Load Shedding: Ramaphosa Promises There’s Light at the End of the Tunnel for Eskom

Load Shedding: Ramaphosa Promises There’s Light at the End of the Tunnel for Eskom

  • President Cyril Ramaphosa is hitting the campaign trail hard in the North West and addressing hot button topics
  • He reassured potential voters that the problems that Eskom faces will be solved in the future
  • This comes after the power producer reinstated Stage 2 load shedding after losing a critical amount of capacity

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NORTH WEST - President Cyril Ramaphosa has promised that the challenges that Eskom faces will be overcome in the future.

Despite the endless darkness accompanied by load shedding, Ramaphosa said that there was light at the end of the tunnel for the beleaguered power producer.

Ramaphosa was addressing potential voters while he campaigned in the North West for the African National Congress according to eNCA.

Load shedding, Ramaphosa, Eskom, ANC, Elections
President Cyril Ramaphosa reassured voters that the ANC would solve Eskom's problems. Photo credit: GCIS/Flickr
Source: UGC

However, Ramaphosa has been accused of recycling old promises from years ago that have remained unfulfilled.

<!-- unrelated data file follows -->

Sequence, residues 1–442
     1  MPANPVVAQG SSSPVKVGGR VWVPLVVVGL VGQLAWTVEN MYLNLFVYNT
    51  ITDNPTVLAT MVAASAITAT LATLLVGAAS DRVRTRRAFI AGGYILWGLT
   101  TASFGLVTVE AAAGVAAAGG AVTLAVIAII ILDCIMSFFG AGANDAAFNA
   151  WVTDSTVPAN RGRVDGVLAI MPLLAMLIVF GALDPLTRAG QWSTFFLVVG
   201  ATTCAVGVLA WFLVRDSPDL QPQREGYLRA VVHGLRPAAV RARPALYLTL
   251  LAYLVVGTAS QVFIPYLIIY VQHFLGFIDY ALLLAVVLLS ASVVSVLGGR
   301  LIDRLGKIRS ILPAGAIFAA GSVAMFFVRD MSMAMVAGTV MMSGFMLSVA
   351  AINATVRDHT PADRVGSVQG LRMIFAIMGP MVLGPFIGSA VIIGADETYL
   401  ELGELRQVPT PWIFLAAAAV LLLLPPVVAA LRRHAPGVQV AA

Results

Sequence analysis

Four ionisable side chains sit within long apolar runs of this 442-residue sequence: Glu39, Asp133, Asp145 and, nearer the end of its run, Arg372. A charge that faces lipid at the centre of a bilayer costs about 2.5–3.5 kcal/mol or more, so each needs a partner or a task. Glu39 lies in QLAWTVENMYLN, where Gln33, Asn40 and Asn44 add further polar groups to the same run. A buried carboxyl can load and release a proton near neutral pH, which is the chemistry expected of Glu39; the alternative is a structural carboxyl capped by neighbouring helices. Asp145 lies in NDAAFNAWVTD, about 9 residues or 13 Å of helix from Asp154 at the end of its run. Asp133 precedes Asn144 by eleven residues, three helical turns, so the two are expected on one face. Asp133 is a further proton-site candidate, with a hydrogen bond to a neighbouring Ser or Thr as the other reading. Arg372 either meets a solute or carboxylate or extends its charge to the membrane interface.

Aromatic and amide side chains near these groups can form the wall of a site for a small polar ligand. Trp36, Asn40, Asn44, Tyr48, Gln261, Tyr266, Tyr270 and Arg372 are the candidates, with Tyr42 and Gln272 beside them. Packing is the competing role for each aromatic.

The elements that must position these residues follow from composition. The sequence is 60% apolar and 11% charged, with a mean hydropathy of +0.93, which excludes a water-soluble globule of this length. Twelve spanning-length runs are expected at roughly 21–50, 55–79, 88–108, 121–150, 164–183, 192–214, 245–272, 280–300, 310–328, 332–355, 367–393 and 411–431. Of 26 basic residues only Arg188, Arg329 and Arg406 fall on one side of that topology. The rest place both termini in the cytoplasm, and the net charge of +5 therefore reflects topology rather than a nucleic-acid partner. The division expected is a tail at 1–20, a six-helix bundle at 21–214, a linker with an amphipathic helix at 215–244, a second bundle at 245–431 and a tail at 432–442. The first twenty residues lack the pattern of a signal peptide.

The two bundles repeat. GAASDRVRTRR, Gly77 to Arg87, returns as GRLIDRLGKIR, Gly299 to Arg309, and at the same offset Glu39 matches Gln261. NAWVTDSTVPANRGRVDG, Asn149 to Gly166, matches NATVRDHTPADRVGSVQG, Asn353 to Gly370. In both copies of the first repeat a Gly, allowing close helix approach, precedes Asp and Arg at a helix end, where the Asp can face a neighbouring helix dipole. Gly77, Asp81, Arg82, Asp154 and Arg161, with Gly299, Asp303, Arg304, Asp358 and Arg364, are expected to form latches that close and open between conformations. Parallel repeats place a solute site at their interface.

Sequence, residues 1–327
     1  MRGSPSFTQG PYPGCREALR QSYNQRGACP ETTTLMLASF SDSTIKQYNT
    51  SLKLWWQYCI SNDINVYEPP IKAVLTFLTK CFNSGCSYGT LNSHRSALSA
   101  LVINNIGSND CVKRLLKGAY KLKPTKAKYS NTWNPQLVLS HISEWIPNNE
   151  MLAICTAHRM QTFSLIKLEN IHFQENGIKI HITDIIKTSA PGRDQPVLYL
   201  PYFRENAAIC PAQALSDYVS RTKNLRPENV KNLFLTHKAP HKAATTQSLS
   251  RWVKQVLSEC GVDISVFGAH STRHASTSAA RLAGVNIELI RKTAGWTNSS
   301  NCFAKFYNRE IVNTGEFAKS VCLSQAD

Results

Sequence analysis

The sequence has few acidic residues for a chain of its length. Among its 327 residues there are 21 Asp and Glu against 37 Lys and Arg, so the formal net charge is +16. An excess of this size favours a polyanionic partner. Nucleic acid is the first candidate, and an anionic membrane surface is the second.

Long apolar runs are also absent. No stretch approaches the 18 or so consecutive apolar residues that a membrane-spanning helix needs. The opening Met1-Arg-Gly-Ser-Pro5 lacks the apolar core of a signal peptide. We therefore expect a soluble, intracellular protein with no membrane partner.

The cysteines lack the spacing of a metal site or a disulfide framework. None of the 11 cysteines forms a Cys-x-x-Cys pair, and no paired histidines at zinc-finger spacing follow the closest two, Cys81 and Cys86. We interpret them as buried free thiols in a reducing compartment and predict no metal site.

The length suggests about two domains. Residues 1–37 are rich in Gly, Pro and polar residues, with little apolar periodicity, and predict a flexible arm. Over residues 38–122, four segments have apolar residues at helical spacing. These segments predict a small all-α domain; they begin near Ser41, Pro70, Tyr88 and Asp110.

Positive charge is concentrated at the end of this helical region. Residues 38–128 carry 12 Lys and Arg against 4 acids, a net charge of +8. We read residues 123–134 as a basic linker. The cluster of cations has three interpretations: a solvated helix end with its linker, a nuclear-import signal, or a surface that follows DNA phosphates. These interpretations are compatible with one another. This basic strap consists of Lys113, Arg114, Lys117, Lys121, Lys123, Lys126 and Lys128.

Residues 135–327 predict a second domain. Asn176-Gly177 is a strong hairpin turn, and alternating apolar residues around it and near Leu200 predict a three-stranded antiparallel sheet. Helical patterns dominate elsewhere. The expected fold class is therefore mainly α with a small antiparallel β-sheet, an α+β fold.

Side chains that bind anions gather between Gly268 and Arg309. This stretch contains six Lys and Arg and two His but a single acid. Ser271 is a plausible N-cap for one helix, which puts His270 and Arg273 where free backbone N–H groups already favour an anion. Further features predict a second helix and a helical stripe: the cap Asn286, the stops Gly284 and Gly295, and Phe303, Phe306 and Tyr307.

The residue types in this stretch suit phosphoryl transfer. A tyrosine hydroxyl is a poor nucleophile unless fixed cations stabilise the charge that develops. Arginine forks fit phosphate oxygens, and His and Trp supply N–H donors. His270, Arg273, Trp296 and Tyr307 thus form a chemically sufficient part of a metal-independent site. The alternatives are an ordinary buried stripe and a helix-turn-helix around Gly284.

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News24 reported that Eskom revealed that it had lost a large amount of its capacity to produce electricity and had been forced to reinstate Stage 2 load shedding.

Eskom says maintenance extended, load shedding to persist until next Thursday

Earlier, Briefly News reported that Eskom confirmed on Friday that Stage 2 load shedding will continue until Thursday next week after initially stating that it was only expected to spill over into the weekend.

This means that South Africans should brace for power outages every day between 9 pm and 5 am.

Taxpayers will suffer if Eskom fails to resolve tariff hikes dispute with Nersa

In similar news, Eskom and the National Energy Regulator of South Africa (Nersa) continue to go head to head about the increase of electricity tariffs.

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Nersa has recently rejected Eskom's proposal to increase tariffs in South Africa, however, the power utility says if tariffs do not go higher then taxpayers will have to cover the shortfall.

The power utility estimates that the annual shortfall will be R300 billion if Eskom is unable to charge higher fees for electricity, according to a report by MyBroadband.

General Manager of Regulations at Eskom Hasha Tlhotlha-Lemaje says Eskom made its application for tariff increases in June this year, however, Nersa rejected the application on the basis that Eskom used a methodology set to expire in March 2022 to determine new tariffs.

Source: Briefly News

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